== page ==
# Suppose that $q=\frac{2^n+1}{3}$ is prime then $q$ is the largest factor of $\binom{2^n}{2}-1$

I am curious for a starting point to prove the following claim

Suppose that $q={2^n+1 \above 1.5pt 3}$ is prime then $q$ is the largest factor of $\binom{2^n}{2}-1$

For example take $n=61$. Then $q ={2^{61}+1 \above 1.5pt 3} = 768614336404564651$ which is prime. Then $\binom{2^{61}}{2}-1 = 2658455991569831744654692615953842175$ and it's largest prime factor is $q$. Note ${2^{29}+1 \above 1.5pt 3} =178956971$ is not prime and the largest prime factor of $\binom{2^{29}}{2}-1$ is $3033169$. But even then we could note that $178956971 = 59*3033169$. A counterexample to the claim would suffice to to show it's wrong.

• Strikes me that either $q$ will be a factor or not requardless as to whether it is prime and $q > N/q$ or not regardless. So $q$ is largest factor only if $N/q$ is prime. So I'd think that'd be the thing to prove: if $q$ is prime then $[{2^n \choose 2} - 1]/q$ is also prime. Not sure how to do that, but that is what I think need to be done Sep 2, 2016 at 21:09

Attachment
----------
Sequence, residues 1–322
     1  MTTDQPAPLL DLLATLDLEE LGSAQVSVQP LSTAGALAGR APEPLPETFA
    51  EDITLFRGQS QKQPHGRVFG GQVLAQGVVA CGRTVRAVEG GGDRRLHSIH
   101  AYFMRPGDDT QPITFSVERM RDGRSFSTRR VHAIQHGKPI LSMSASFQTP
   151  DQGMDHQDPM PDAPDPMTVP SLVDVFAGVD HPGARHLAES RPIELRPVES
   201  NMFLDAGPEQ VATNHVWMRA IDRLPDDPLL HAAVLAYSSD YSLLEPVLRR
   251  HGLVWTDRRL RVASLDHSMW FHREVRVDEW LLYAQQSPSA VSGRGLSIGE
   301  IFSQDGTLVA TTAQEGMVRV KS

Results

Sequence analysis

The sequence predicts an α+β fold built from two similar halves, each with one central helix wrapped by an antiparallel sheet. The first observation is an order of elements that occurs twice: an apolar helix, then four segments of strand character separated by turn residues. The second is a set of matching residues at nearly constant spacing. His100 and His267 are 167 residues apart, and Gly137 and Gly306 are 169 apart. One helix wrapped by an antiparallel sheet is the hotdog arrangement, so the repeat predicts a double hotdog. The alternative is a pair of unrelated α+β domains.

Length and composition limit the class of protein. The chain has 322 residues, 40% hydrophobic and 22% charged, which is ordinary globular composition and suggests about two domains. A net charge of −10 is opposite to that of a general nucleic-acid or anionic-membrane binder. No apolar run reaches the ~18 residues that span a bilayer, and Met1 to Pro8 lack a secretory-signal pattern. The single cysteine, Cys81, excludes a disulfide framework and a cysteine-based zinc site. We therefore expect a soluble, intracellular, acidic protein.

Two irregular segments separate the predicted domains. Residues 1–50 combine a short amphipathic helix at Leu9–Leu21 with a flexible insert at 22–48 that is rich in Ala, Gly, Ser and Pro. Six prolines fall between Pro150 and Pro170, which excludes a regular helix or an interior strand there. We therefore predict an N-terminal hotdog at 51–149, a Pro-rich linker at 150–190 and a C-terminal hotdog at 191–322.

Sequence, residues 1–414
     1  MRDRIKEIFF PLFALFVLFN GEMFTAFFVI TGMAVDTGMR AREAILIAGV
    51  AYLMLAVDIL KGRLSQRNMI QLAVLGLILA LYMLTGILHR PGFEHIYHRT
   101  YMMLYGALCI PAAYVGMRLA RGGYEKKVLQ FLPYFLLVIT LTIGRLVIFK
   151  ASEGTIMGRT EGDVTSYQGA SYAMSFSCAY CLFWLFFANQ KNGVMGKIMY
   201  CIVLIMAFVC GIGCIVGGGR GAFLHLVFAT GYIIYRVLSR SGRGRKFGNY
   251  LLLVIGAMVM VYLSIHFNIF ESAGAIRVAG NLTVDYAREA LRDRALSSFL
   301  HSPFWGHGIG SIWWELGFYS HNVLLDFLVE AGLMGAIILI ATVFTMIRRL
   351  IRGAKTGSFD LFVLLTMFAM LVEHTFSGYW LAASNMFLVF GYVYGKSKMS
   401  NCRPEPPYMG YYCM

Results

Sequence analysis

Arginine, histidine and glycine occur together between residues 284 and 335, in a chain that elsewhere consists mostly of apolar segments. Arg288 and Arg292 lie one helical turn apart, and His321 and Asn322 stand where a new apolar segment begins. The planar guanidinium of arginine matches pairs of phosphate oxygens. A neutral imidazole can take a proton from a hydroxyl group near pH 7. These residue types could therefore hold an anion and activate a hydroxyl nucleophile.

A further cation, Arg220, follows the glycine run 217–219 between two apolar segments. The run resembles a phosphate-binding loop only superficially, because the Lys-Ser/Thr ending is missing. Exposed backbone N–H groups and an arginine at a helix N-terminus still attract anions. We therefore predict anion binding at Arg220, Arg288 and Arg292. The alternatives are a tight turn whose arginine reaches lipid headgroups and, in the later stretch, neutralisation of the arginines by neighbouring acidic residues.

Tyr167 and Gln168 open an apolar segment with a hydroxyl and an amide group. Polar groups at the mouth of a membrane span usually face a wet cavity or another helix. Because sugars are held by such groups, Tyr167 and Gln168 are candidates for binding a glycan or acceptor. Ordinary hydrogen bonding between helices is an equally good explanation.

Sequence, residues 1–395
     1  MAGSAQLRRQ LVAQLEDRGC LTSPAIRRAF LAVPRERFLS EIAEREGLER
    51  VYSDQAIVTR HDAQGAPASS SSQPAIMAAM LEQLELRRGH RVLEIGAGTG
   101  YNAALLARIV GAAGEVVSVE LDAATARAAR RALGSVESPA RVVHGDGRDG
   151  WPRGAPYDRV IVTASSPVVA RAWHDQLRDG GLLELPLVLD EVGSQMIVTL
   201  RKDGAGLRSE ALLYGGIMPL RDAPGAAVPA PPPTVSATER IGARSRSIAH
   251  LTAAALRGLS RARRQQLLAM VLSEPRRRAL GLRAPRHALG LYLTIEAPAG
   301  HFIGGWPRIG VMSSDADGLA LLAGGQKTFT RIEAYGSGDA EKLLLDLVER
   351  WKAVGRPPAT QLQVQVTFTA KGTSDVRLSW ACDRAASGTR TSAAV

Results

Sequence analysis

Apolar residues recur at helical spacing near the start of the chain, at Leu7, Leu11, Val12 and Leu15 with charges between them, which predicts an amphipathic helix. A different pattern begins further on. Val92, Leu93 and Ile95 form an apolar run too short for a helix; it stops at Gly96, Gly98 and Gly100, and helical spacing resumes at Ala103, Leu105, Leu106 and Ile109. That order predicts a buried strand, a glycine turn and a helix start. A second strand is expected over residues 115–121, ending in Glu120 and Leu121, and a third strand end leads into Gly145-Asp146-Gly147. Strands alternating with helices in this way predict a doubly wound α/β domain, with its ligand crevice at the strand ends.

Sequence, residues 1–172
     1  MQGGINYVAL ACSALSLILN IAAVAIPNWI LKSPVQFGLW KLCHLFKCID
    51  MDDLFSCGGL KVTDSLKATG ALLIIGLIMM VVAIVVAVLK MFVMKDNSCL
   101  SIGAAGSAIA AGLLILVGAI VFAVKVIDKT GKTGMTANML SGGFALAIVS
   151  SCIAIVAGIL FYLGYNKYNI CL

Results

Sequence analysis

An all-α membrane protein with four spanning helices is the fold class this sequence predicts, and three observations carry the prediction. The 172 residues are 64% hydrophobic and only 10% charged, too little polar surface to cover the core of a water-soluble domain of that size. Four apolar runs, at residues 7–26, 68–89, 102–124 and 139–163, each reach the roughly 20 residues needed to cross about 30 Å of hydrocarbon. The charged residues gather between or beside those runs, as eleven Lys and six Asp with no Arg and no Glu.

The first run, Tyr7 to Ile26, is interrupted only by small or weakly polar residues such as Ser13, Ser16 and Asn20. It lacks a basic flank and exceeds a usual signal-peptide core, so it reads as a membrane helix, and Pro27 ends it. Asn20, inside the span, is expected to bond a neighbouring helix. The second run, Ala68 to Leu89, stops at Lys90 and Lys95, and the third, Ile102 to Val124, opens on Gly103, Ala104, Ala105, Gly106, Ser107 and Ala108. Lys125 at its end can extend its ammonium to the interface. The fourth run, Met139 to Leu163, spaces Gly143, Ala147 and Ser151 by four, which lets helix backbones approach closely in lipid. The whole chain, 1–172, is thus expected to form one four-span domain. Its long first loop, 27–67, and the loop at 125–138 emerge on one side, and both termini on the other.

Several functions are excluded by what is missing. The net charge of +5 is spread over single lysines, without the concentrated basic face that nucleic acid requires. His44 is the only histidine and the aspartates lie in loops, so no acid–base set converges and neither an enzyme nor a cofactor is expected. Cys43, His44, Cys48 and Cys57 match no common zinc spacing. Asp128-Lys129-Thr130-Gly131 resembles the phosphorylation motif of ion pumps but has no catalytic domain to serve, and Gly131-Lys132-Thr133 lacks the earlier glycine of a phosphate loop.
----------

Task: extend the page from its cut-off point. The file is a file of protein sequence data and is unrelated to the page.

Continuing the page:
• Cannot quite follow you. Note that $q =\frac{2^{29}+1}{3}$ is not a factor of $\binom{2^{29}}{2}-1$ Sep 2, 2016 at 21:21
• It's not? 178956971 isn't a factor of 144115187807420415? It is when I do it. 178956971 x 805306365 = 144115187807420415. Thing is whether q is prime or not isn't going to effect whether it is a factor or not. If it's a factor then N/q is also going to be a factor. q being prime isn't going to affect whether q > N/q or not. But if N/q isn't prime then N/q = km and $m*q > q$ is a factor. So q is the largest factor of N only if N/q is prime. That could be affect by q being prime. Sep 2, 2016 at 23:22

Since you already have other answers, I will instead offer a small generalization.

Suppose $p=\frac{k^n +1}{k+1}$ is a prime number. Then, $p$ is the largest prime factor of $\binom{k^n}{2}-1$ if $k=2j^2$ for some integer $j$.

Proof:

We have:

$$\binom{k^n}{2}-1 = \frac{1}{2}k^n(k^n-1)-1 = \frac{1}{2}(k^{2n}-1)-\frac{1}{2}(k^n+1) = \frac{1}{2}(k^n+1)(k^n -2)$$